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By Paul A. Eisenstein

The weekend after Thanksgiving has taken on an almost religious significance among American consumers, with millions flocking to stores hoping for great Black Friday bargains – and savvy car buyers also have reason to celebrate. Automakers and auto dealers are offering some of the year’s best deals – and not just on the leftover models they want to clear out of inventory.

“The energy level you experience on Black Friday is unique,” said Kamal Miller, the general sales manager at Royal Oak Ford, in the Detroit suburb of Royal Oak. “It’s really high. It creates something on the inside (of the dealership). One person buys a car and then another and another. It’s contagious.”

That’s echoed by David Butler, the executive manager of the Suburban Collection, which has 52 stores across California, Florida and Michigan. The frenzy has become “much more pronounced” over the last decade, he said. For the entire weekend, the chain’s sales are “typically up 30 to 40 percent compared to the rest of November. It’s definitely a substantial bump for us.”

Automotive retailers have a reputation for cutting deals at this time of year, backed up by hefty factory incentives. And this year will be no exception, especially with manufacturers trying to reverse a downturn in the U.S. market that began in 2017, marking the first time sales had slipped since the country emerged from the Great Recession.

Rebates and other incentives vary widely, not just by brand, but also by region. Carmakers gear givebacks to prop up products where a little cash on the hood can help move the metal. So, a buyer in California might find thousands of dollars in rebates on a slow-selling domestic sedan, while shoppers in the Midwest won’t see any incentives on the same model.

That said, a quick perusal of various automotive shopping sites reveals anywhere from 40 to 50 different vehicles carrying rebates of $3,000 or more. A number of others are being backed up by discounted loans that, in some cases, offer 0 percent financing. With the Federal Reserve having raised interest rates several times – and with another rate hike widely expected next month – that can be particularly appealing to many customers.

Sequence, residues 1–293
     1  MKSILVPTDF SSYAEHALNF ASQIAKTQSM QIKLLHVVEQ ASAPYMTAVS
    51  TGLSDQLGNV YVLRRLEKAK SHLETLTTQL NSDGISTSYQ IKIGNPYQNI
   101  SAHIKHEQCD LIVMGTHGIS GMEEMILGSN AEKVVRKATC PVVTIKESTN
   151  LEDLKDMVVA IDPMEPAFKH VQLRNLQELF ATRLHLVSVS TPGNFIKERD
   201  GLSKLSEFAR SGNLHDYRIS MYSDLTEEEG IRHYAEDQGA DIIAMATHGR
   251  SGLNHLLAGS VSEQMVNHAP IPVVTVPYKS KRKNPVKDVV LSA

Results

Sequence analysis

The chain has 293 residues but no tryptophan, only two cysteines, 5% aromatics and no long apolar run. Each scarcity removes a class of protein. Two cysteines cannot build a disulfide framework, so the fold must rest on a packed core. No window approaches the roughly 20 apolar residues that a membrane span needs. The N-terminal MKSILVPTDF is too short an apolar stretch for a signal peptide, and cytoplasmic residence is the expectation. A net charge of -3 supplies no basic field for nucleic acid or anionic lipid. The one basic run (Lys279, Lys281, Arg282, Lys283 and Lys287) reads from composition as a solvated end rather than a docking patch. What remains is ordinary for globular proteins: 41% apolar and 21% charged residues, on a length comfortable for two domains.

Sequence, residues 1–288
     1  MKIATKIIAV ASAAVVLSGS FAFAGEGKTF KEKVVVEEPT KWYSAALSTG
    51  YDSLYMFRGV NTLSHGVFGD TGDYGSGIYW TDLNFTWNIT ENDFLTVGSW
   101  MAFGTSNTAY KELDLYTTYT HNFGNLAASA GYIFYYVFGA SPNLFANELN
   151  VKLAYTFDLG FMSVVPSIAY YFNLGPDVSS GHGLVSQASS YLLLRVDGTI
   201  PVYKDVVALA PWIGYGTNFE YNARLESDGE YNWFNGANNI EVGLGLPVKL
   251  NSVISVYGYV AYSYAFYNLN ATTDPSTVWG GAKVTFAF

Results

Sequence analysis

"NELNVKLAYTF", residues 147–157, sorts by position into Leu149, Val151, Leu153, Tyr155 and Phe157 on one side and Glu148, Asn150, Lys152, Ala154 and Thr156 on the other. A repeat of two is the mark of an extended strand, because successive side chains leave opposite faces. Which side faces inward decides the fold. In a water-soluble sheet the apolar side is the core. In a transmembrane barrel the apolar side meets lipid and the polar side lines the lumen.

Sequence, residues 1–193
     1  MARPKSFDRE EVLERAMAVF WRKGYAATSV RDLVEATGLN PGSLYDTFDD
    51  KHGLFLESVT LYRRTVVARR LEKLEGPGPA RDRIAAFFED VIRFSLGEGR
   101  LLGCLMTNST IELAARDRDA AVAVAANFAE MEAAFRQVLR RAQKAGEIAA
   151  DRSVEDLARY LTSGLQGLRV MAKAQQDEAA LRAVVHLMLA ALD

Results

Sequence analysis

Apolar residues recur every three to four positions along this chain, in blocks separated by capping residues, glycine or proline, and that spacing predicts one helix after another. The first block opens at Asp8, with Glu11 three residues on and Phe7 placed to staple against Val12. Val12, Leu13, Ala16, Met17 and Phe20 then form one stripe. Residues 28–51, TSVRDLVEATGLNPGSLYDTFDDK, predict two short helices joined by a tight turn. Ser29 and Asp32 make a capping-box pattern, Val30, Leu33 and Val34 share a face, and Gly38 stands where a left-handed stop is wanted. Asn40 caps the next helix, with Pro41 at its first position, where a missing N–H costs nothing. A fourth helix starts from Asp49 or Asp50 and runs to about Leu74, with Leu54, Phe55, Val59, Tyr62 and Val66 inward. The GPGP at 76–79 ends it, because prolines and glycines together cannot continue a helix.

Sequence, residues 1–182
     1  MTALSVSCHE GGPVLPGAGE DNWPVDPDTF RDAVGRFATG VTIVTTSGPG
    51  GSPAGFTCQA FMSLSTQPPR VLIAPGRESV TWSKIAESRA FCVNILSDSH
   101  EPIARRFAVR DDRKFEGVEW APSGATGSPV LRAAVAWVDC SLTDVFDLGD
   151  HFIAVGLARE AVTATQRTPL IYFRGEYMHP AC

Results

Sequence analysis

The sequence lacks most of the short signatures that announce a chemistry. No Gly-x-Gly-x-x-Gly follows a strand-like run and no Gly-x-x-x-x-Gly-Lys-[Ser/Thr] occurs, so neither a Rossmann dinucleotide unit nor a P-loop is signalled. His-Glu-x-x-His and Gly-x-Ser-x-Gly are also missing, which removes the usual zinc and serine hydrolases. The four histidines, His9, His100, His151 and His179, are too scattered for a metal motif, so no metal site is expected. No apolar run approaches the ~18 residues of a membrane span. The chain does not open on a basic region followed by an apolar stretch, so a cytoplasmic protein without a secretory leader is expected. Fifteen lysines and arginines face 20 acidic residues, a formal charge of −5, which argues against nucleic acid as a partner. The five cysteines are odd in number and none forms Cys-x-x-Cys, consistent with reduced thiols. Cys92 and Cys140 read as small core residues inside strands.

Experts suggest car buyers follow some guidelines to make sure they get the best deal:

  • Do your research ahead of time using one of the many online car buying services and apps. They can help you figure out what deals are available, as well as what local dealers have on their lots.
  • Decide how willing you are to take a vehicle that might not be precisely the one you have in mind. Simply accepting a different color or a slightly different package of options could yield some big savings.
  • Buying a leftover 2018 model may yield some of the biggest savings. Dealers pay to keep cars on their lots and the longer they linger the more anxious – and generous – they typically become.
  • Check your financing options before you go to the dealership. Surprisingly, the National Automobile Dealers Association reveals that its members typically make more profits on financing and insurance -- or F&I, in industry-speak – than on the car itself. Your bank may actually offer a better interest rate.
  • That’s particularly important to know if you’re comparing a rebate with a factory-financed, low-interest loan. Compare monthly costs to see which is actually more affordable.

“Carmakers have morphed Black Friday into Black November — and beyond,” said Matt Jones, a senior consumer editor at Edmunds. The auto data service found that 18 percent of November’s total car sales were made over the Black Friday weekend in 2015.

For those shoppers who don't relish joining the Black Friday crowds, more and more car buyers are going online. While there are restrictions that generally limit the ability of a motorist to complete the shopping process online, you can do a lot of your research using a web browser and a smartphone app and then head to the showroom.

Industry insiders suggest that Black Friday weekend is the one time of year when you might really want to go toe-to-toe with a car salesperson also caught up in the frenzy of dealmaking.